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St. Louis Deportation Attorney Jim Hacking Discusses SEC's Interest in Immigration Issues

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The Securities and Exchange Commission ("SEC") is responsible for enforcing federal securities laws and regulating the securities industry. Recently, the agency seems to have added disclosure of undocumented immigrant violations to their job description, which has made some companies nervous.

When the U.S. Immigration and Customs Enforcement ("ICE") began investigating the country's fastest-growing burrito chain, Chipotle in 2010, the employer ended up firing over 450 workers in Minnesota. These workers were unable to provide valid work documents which led to subsequent audits in several additional states.  The SEC is apparently concerned about the disclosures that publicly-traded companies are making when they undergo an ICE investigation and to make sure their disclosures are complete.  While Chipotle cooperated with the SEC by handing over 300,000 documents to the government, they claimed to be surprised when the documents were subpoenaed and investigations continued. Chipotle incurred more than $1 million in legal fees, plummeting stocks, and bad publicity for their company which made investors less than happy.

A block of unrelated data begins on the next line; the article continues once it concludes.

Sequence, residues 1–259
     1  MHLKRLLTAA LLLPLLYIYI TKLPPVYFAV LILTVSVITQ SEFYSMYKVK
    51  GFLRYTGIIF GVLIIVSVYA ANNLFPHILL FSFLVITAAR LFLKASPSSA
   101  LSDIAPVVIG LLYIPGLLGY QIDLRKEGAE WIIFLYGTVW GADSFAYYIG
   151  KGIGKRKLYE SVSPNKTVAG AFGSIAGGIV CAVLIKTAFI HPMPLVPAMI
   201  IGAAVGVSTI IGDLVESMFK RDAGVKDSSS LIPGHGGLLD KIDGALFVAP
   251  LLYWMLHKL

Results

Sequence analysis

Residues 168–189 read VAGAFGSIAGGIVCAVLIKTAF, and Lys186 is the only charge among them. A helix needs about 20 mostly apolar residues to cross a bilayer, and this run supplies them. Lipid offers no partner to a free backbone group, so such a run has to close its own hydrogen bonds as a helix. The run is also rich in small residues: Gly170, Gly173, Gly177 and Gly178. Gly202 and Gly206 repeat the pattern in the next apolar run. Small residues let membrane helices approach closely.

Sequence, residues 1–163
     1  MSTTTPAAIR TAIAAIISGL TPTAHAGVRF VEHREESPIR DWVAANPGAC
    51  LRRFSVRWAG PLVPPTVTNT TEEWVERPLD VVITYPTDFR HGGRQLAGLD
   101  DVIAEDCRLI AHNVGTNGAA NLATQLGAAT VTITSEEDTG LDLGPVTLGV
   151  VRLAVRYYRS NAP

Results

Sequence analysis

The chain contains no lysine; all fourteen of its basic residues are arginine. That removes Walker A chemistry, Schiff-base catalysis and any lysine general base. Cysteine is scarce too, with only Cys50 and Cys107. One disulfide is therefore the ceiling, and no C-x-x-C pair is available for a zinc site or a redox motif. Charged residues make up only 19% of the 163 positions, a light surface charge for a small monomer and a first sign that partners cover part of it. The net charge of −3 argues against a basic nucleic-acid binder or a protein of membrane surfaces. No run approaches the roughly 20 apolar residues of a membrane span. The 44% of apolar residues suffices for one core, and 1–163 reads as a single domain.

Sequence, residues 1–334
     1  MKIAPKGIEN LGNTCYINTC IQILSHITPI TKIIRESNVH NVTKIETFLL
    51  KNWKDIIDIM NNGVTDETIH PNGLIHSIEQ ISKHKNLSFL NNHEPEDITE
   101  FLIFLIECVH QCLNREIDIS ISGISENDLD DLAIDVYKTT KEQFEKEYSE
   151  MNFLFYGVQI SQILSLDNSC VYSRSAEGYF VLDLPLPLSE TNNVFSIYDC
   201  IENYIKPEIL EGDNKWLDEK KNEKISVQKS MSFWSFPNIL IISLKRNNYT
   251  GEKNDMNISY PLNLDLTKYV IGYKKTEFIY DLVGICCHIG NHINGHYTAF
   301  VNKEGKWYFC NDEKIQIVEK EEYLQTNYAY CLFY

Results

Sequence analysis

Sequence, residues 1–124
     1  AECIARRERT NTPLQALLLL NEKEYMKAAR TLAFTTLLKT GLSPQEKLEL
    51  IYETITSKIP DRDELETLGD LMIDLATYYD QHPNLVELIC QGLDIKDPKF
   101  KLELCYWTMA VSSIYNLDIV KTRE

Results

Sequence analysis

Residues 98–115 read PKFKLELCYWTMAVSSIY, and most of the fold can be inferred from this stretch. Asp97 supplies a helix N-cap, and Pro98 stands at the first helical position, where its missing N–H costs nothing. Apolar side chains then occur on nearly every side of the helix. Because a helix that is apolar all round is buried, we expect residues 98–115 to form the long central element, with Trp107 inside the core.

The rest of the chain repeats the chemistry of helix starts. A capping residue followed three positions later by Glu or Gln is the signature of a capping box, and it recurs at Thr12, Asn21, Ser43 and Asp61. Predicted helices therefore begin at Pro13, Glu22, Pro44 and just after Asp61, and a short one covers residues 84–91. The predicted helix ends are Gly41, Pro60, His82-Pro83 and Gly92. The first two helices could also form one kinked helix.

Some are concerned with the power that the SEC has placed upon itself. It is coming in to companies as more than an ethics checker, but as an overseer, accountant, and negotiator. This has led many to question if the SEC is not overstepping their boundaries by taking on this new job.

Currently, if a publicly-traded company is under investigation by ICE, “there are no express disclosure requirements related to immigration and employment.  Many qualified securities lawyers will counsel in favor of silence. Sometimes companies get in bigger trouble for speaking when they have the opportunity not to do so,”  according to Jacob Frenkal, a former SEC enforcement lawyer. The key thing to understand is that it seems that the SEC is keeping track of ICE raids on these large companies and seeks to expand the disclosures made by such companies.

Whether you are a large or small business owner, an investigation by ICE is not beneficial for any business in this economy. Working with an experienced immigration attorney to make sure that your employees' immigration paperwork is correctly handled may help an employer avoid not only the initial ICE or Department of Labor investigation, but now apparently an SEC investigation if the company is publicly traded.

If you would like to discuss how your company might benefit from an internal review of your employee paperwork, give us a call at (314) 961-8200 today.

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